What is church? There are many ways to answer that question. Some would answer it by saying it is a place. It is the place one goes to worship God and study about the things of God. Place can be significant factor in determining what church is for us. Church is that place our mothers and fathers or our grandparents brought us to when we were too young to where we where or what any of it meant. It is the place where we were baptized. It is the place where we made a decision to follow Christ. Our weddings very often take place in sanctuaries, thereby giving even more significance to that place we call church. For some, church is the place where they said good-by to a loved one during a funeral service. What is Church? Church is that place where milestones occur in our lives. Things happen there that we will always remember.

Others would say that church is not primarily a place. It is not fixed or built, but it is something alive and dynamic. Church accepts us when we do not feel so very acceptable to even ourselves. Church sees something in us that is not readily discernible when we reflect on our own lives. Church gives to us well before we give anything to anyone and while we still think we have nothing to give. Church reaches out to us even when we are not certain we like the idea of being reached. Church has a door open for us even while we feel more comfortable somewhere else. Church does these sorts of things because these are the sorts of things that Church has always done. The church did those kinds of things for the people who are there now doing them for people who have just arrived or who are nearby, but not quiet there just yet. All of these sorts of things point toward the grace and acceptance that God offers to us through his Son, Jesus Christ. Church, enlivened by the Holy Spirit, lives with that Grace and offers that acceptance. In so doing, it is Church.

Still others might say that Church is people first and foremost. People who gather at a place and act in ways that God has gifted them and called them to act. They teach. They serve. They give. They hug. They hold onto one another. They believe. They teach. They serve. They feed hungry people. They help those in need. They laugh. They share. They play. They enjoy being together. They hate to someone hurting. They are Church. Without them, there would be no place and no living body of Christ doing the things that Christ would do if he were here.

Each of those answers would sound right to some folks and each of those answers describes Church. While questions about what Church is or even about what Church has been are important and helpful to ask, the question of what will become of Church is perhaps the more important question. What will Church be? Answering that question gets a little more complicated in a hurry. A host of issues and factors come to mind in determining what lies in the future for Church.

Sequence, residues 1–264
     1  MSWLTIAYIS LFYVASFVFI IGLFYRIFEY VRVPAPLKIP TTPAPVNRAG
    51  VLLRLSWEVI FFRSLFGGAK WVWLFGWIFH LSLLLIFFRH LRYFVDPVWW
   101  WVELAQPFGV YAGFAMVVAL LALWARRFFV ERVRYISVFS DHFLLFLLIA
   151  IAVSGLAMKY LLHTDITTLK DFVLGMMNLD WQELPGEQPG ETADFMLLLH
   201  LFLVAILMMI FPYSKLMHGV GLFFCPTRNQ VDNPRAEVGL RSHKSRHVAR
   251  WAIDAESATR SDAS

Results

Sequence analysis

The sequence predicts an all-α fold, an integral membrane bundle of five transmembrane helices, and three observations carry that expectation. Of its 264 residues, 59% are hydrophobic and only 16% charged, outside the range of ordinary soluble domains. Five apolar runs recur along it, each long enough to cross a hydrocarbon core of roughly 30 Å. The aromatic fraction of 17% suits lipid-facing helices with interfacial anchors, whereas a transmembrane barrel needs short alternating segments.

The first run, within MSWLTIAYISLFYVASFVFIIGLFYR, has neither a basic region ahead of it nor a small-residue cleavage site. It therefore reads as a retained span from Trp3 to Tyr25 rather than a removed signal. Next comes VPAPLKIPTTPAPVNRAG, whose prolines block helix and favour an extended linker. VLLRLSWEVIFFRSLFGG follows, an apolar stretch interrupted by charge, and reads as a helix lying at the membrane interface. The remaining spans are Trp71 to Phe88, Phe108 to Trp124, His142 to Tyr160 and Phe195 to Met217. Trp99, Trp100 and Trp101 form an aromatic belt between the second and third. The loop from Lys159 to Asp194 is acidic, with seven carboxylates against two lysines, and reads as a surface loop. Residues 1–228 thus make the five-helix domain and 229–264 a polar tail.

For those of us in Church, we have something to say about how this question gets answered in the days ahead. While the specifics of what it will look like may be beyond the scope of our ability to forecast, we can say with some certainty what some of the factors in determining that future will be.

One of the factors that will shape our church will be our praying. By praying, I mean praying for the strength and well-being of Church to be certain, but not simply praying for Church. I also mean being a Church that prays. Collectively and as individuals, our time in prayer, perhaps more than anything else we do, will contribute to what Church looks like in the future. Church belongs to God. Church is what God is waiting on and preparing a place for. Prayer is getting to know God and being known by God. What we do as Church is born out of our relationship with God. Prayer gives God the opportunity to speak into our lives and form us as God would have us to be. If we do not give God that opportunity, then we miss becoming what we might have been had we done so.

Someone might say “pray for the church” or “the church needs your prayers.” While either of those requests might be true and timely at any given point in time, the deeper truth is that we will always need to pray more than the church will need our prayers. Praying is how we know God. We need to know God more and more each day. Does the Church need our prayers? Always, but not as much as we need to pray them.